The show opened with him in a coffin which was standing on-end. The camera then came into a close-up (the "ugly shot"), which picked up the warts under his eyes. During the breaks, he would be seated at a desk or table, with a sign that said "The Advisor", and give his spiel. A monkey, named "Sancho" (real name "Doodles" owned by Allan Winstrom) sat on his shoulder or ran around.
"Shock" ran at 11:30 p.m. Friday nights, while "Double Shock" ran at 9:30 p.m. Saturday nights. Hersh was extremely popular at the time, and WITI received upwards of 1000 letters a week asking for its "Horror Club" membership cards. The shows continued through 27/28 March 1959, when WITI-TV affiliated with CBS, and changed its programming.
The Witching Hour WTMJ-TV
With the success of both "Shock" and "Double Shock" on WITI-TV, WTMJ-TV decided it needed some late night programming which might compete. Since a number of films in the Shock! and Son of Shock! packages were really mysteries, it put together a package which it called "The Witching Hour". (The title was used by WOKY-TV some years earlier.) This made its debut on 3 October 1958, and featured mysteries, science fiction, and horror. It ran through 23 February 1962.
The Advisor's Mystery Theater WXIX
When WXIX went back on-the-air as an independent station in July of 1959, Larry Turet, who had been program director at WITI-TV joined them as director of operations. Since he created "The Advisor" character with Bob Hersh, he asked him if he would come to WXIX to host mystery films on Friday and Saturday nights. Hersh agreed, and "The Advisor's Mystery Theater" made its debut on 24/25 July 1959 at 9:30 p.m. WXIX broadcast out of a 10'x12' studio atop the Schroeder Hotel in downtown Milwaukee, and utilized a single, fixed camera, which limited what one could do. Veteran broadcaster Tom Snyder, who knew Hersh, was out of work at the time, and selling advertising for WXIX. He wrote a number of scripts for the show. Initially, the program was heavily promoted, with sponsorship from Double Cola, and its own "Mystery Club" cards. Hersh left the program at the end of January 1960. He later received a law degree from Marquette University, and practiced in the Milwaukee area since 1964. Bob Hersh passed away on 30 April 2006.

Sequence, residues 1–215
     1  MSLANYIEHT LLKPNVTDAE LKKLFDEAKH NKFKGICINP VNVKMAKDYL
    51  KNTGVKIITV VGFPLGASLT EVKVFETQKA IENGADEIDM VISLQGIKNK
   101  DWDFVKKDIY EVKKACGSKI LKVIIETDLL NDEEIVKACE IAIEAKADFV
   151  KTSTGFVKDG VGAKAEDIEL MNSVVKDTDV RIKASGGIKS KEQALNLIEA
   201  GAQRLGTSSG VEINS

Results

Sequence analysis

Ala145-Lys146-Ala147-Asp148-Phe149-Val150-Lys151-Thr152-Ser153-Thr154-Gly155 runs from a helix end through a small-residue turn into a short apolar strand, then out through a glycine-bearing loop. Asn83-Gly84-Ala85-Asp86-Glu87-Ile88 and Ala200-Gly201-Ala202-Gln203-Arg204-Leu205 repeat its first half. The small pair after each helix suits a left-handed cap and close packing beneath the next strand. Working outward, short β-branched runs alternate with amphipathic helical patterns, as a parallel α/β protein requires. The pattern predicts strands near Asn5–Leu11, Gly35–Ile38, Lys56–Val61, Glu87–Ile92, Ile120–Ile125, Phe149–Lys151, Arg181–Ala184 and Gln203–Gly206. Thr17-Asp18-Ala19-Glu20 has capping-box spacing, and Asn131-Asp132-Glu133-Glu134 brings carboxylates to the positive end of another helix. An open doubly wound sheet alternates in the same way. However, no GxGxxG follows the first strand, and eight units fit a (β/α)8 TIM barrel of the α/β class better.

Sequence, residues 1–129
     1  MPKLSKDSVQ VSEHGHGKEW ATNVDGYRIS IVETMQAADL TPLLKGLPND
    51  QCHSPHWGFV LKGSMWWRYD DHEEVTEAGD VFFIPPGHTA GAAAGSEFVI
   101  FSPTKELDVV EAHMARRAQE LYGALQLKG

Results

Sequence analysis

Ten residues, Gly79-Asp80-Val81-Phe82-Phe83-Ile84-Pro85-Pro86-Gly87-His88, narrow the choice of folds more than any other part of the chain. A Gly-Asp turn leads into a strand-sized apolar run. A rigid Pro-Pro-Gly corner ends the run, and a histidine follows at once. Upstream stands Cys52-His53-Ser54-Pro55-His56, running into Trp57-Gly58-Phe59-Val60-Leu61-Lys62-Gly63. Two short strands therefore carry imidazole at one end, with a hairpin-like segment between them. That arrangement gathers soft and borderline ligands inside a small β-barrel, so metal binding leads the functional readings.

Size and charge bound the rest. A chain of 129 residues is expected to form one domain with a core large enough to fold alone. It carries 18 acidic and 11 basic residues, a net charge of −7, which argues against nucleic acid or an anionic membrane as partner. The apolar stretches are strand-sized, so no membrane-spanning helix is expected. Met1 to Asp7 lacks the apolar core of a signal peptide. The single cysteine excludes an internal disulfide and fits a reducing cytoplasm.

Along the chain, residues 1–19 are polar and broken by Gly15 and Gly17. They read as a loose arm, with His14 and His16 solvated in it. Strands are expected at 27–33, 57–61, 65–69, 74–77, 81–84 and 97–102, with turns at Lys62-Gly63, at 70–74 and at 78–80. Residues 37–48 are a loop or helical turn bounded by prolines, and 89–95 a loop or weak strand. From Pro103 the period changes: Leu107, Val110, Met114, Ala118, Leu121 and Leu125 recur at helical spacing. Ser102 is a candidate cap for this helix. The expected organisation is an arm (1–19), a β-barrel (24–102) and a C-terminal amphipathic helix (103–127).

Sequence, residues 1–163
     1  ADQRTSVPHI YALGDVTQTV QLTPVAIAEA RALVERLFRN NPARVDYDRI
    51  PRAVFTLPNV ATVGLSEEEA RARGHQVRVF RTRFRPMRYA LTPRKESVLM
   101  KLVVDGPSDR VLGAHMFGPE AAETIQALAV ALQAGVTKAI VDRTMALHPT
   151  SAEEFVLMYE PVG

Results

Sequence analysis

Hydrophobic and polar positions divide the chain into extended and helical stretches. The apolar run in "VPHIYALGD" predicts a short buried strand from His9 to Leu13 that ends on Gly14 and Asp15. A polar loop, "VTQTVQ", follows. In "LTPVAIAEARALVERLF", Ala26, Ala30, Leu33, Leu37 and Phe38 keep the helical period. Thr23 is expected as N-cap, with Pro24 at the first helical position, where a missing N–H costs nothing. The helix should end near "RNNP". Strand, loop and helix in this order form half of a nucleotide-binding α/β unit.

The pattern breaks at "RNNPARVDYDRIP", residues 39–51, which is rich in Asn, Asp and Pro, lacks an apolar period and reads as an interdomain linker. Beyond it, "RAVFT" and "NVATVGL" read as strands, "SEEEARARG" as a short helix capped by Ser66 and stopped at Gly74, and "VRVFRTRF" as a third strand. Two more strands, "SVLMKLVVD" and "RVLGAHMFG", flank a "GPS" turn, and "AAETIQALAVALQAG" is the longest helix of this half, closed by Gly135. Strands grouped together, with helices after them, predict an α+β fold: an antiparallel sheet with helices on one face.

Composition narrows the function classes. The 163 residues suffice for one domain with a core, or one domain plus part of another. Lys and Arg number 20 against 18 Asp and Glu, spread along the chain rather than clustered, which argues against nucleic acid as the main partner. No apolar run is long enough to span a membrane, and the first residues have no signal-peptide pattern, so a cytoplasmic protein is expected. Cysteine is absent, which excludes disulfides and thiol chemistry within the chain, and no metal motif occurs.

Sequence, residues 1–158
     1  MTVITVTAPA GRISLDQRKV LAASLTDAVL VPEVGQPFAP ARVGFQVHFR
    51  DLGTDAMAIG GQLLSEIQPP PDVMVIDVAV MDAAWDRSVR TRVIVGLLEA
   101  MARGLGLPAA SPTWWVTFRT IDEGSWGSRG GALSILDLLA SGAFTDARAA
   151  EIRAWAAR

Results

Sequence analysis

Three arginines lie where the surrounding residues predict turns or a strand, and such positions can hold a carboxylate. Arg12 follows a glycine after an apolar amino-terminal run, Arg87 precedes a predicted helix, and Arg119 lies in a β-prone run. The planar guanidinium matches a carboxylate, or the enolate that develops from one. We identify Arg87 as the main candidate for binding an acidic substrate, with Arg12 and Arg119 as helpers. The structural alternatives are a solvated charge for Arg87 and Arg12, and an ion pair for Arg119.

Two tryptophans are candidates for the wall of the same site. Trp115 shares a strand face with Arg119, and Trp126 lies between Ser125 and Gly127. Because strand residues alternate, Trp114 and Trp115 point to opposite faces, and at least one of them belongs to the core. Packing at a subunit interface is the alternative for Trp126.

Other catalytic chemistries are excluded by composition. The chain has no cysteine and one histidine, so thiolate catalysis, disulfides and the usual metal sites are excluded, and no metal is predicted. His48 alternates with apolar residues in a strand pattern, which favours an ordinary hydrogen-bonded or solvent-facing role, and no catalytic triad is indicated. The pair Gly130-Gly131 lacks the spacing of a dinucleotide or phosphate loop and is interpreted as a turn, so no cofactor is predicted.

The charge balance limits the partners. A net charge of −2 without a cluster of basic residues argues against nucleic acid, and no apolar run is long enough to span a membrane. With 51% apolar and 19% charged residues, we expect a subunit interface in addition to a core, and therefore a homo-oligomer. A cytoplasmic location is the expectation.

The Late, Late Show WITI-TV